On Saturday evening, the Bay Area’s Berkeley Art Museum and Pacific Film Archive will play host to Stanley Kubrick’s Barry Lyndon, screening as part of the series Early Music on Film. (The two-week program is itself part of the Berkeley Festival & Exhibition, a biennial celebration of period music featuring concerts, lectures, and other events.) Chronicling the rise and fall of an opportunistic Irish rogue (Ryan O’Neal) around the time of the Seven Years’ War, the sumptuous masterpiece is beloved for its painterly visuals, achieved through an extraordinarily fidelity to period detail—Kubrick famously used lenses that had originally been developed by NASA, so that interior scenes could be filmed by flickering candlelight.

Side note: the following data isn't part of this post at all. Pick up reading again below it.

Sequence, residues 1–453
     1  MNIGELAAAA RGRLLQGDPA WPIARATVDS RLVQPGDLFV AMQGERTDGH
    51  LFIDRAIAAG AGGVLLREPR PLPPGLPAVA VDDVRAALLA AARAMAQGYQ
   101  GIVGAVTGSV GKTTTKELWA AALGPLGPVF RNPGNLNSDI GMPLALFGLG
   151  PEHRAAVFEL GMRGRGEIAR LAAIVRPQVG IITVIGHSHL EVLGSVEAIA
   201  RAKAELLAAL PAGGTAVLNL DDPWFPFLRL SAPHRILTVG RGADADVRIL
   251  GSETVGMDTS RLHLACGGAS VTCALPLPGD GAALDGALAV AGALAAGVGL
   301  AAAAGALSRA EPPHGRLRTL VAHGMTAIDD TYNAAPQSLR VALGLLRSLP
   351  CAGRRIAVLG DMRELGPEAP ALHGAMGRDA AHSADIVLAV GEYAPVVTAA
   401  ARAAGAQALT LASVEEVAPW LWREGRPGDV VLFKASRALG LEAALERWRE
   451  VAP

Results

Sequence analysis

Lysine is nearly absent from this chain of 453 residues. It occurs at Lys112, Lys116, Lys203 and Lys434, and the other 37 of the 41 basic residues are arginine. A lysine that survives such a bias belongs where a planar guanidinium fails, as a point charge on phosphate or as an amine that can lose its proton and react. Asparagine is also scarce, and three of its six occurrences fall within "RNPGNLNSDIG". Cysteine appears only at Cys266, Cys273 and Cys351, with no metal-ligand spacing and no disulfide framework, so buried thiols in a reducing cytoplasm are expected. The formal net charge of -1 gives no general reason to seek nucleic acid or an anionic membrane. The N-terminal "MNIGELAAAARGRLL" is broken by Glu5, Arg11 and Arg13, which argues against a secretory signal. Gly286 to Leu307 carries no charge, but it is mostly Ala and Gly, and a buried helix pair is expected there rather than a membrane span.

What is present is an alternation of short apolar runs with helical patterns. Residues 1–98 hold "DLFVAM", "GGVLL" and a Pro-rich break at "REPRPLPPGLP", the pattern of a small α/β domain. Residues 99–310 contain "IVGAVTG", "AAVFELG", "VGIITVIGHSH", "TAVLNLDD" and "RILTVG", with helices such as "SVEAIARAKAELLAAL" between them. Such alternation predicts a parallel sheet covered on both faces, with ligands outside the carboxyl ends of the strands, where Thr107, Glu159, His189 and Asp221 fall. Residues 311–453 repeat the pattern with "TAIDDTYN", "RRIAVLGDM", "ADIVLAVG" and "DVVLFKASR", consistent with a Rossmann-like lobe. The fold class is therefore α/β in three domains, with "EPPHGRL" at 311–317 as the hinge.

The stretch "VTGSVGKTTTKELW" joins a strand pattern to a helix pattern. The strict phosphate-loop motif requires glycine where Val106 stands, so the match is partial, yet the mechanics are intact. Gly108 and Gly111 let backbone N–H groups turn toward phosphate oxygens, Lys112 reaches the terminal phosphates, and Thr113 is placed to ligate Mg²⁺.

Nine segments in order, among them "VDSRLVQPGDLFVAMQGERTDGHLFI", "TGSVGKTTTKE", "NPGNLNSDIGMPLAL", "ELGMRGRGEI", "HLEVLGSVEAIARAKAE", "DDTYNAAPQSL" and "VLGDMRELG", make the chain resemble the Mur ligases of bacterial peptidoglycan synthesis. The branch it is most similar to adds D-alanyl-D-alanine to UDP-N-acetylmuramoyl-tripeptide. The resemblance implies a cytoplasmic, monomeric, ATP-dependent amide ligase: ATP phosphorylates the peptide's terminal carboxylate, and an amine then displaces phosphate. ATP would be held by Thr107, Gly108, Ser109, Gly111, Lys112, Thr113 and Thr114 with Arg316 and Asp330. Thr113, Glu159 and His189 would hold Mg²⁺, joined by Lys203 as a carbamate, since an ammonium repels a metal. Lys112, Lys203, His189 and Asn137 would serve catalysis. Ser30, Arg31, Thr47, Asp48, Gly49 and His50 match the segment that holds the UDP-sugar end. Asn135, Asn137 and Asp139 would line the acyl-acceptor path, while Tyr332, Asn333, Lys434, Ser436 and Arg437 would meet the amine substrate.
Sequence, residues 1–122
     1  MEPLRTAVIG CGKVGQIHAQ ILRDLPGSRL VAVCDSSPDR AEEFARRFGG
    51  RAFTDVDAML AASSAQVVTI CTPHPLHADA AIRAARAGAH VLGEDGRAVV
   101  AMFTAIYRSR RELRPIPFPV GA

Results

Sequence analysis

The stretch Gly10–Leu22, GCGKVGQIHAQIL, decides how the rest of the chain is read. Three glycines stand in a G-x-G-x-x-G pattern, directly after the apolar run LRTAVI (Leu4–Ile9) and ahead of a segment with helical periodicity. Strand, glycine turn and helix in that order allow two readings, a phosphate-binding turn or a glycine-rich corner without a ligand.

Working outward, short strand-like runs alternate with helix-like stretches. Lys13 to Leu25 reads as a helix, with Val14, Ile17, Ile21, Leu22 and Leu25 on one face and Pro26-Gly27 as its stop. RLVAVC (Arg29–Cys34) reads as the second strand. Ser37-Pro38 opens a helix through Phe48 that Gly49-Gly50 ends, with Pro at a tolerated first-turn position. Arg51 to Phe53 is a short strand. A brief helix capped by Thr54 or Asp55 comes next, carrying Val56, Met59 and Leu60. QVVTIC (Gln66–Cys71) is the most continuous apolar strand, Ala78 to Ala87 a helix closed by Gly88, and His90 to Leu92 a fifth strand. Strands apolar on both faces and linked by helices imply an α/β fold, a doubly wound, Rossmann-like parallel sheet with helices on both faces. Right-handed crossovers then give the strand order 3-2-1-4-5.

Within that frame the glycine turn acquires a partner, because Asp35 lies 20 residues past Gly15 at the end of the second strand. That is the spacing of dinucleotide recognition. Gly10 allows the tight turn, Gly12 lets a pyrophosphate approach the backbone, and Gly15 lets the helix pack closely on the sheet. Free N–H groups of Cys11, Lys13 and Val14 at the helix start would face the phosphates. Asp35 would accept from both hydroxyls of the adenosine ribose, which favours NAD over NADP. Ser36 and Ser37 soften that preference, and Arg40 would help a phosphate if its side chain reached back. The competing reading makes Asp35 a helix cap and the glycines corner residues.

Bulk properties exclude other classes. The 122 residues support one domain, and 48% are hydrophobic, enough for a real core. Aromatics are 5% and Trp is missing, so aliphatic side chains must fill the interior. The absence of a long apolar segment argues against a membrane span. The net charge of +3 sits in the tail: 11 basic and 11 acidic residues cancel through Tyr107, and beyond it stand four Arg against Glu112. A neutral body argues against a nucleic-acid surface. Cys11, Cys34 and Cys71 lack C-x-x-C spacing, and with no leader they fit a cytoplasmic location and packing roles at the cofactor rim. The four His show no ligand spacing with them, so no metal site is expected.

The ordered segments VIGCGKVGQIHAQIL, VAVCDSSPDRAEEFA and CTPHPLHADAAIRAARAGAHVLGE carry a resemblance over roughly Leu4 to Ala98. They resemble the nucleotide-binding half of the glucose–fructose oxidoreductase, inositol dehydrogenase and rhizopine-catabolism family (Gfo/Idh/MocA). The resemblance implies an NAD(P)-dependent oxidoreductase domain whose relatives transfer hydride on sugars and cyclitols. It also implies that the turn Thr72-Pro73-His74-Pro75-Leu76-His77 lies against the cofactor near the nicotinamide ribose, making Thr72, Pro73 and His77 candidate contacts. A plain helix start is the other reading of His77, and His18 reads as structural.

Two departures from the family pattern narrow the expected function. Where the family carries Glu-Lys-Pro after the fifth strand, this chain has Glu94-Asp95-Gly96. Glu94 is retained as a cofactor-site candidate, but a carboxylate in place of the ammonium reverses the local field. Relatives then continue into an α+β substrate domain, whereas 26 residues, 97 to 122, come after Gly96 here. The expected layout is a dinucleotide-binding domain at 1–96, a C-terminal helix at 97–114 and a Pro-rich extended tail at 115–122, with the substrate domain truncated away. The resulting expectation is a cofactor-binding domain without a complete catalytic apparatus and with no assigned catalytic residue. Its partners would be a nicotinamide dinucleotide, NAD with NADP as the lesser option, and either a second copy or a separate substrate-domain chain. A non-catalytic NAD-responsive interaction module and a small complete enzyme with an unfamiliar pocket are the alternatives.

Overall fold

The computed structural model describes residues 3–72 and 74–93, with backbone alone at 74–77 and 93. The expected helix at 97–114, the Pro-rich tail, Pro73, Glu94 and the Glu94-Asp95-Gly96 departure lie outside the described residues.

But the movie is as much a feast for the ears as it is for the eyes. The Oscar-winning soundtrack, adapted and conducted by Leonard Rosenman, builds its own full-blooded picture of the eighteenth century, weaving traditional Irish music, military marches, and classical works by the likes of Bach, Handel, and Vivaldi into a richly complex tapestry. As critic Geoffrey O’Brien writes in his essay for our packed Barry Lyndon edition, the music also becomes a key component of the film’s arch tone. The “inescapable sonic flow . . . moves with its own sense of purpose, sometimes underscoring, sometimes contradicting what we see,” he writes. For one thing, “the plaintive ‘Women of Ireland’ theme suffuses the film’s first half with a mood of romantic longing that nothing that actually occurs on-screen comes close to fulfilling.”